I’ve always thought democracy is a pretty good sort of system. Not perfect, of course, but as Winston Churchill said: “Democracy is the worst form of government, except for all those other forms that have been tried from time to time.”
In other words, it’s the best we’ve got until somebody comes up with something better.
Well, it seems someone has. In Masterton, of all places.
You probably thought, like me, that democracy works because it gives us the right to choose our representatives and to get rid of them if we don’t like them.
But Masterton District Council has decided that’s flawed, or at least not appropriate for Masterton. The council wants to improve democracy by appointing iwi representatives with voting rights to two of its standing committees.
Yes, you read that correctly. They would be appointed, not elected. But like elected councillors they would have the right to vote on matters affecting the rest of us.
Whatever this is, it is not democracy. It’s something else for which we don’t yet have a term.
Perhaps we could call it part-democracy or near-democracy or almost-democracy until someone comes up with something better.
I don’t want to sound alarmist. The appointment of iwi representatives to two council committees isn’t likely to be the end of the world.
The genuine councillors – the ones actually elected by the people of Masterton – would still be in the majority. And it’s possible that iwi representatives would make a sincere attempt to make decisions in the best interests of the entire community. But that’s hardly the point.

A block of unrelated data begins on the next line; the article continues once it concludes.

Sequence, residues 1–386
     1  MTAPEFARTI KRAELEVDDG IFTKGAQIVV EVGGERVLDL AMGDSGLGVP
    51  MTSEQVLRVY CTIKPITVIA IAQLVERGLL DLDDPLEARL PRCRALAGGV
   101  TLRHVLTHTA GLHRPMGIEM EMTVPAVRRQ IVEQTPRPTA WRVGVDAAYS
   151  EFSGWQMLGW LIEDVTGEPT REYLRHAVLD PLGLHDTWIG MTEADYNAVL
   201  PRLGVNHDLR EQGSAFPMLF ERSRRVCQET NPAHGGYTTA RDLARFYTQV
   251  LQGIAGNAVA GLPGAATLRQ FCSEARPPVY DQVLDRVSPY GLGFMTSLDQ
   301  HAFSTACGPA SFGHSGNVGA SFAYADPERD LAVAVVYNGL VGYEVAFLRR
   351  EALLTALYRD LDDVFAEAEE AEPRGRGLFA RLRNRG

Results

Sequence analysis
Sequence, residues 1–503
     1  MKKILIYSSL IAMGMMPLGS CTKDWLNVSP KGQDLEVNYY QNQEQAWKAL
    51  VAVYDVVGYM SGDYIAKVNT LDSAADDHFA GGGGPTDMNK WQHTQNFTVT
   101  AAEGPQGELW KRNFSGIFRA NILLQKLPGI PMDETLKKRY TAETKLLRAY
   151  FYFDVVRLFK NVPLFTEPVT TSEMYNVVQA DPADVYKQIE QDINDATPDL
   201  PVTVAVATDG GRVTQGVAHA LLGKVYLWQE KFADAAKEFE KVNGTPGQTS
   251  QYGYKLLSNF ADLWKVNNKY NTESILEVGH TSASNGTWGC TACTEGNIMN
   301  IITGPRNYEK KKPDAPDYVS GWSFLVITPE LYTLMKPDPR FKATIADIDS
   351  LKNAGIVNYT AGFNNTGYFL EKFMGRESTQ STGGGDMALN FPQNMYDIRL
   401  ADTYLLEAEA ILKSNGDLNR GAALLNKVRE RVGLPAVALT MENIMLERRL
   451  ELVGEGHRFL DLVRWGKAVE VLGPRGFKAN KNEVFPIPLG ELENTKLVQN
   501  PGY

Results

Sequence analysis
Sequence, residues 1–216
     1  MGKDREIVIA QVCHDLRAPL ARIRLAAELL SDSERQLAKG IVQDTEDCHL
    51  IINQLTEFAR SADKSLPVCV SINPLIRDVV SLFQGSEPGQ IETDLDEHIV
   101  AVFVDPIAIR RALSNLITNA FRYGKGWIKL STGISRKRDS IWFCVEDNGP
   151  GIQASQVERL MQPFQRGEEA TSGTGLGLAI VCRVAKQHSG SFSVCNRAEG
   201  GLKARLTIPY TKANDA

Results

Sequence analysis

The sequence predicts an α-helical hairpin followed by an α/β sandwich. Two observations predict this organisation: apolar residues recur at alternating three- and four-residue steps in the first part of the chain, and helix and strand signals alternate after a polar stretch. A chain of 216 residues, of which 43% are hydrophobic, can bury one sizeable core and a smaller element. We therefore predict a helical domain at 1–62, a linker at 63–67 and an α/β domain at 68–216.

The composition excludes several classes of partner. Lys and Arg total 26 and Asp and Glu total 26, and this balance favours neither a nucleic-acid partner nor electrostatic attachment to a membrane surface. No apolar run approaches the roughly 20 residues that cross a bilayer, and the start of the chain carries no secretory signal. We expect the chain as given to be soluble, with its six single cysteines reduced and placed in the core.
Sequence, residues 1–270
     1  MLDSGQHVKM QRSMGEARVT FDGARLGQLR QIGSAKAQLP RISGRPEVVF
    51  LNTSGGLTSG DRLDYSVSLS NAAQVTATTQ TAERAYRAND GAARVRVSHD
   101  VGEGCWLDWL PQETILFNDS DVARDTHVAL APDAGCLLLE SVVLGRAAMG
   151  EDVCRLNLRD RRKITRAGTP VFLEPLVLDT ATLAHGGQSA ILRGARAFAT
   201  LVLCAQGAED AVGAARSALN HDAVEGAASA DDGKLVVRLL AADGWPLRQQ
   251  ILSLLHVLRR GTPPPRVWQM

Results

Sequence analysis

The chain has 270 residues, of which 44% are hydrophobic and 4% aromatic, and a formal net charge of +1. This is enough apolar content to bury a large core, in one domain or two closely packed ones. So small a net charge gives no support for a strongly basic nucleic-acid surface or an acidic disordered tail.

Democracy is a package deal. It doesn’t come with optional extras that you discard if they don’t happen to suit you. And the danger is that once you start subverting democratic principles, even with the best of intentions, anything becomes possible.
So very well said.
If there’s no longer a rigid rule that the people who make decisions on our behalf must be elected by us and accountable to us, reformers will soon find other ways to “improve” the system – all in the interests of fairness, of course.
This is how democracy gets undermined – by inches and by degrees. Ultimately someone might decide that voting is a clumsy and inconvenient process and that democracy would be much more efficient if we got rid of it altogether. It’s happened in plenty of other places.
Sadly it has.
Is it possible that 100 years hence, queues of international visitors will line up outside Masterton Town Hall to gaze admiringly at a plaque that says: “Masterton – the Place Where They Fixed Democracy”? Somehow I doubt it.
I understand the worthy intent behind what the Masterton council is doing. In an ideal world there would be more Maori in local government. But it’s fanciful to interpret the Treaty of Waitangi as imposing an obligation on councils to provide seats for unelected iwi representatives.
You can be fully supportive of having more Maori involved in local government, but also think this is a terrible idea.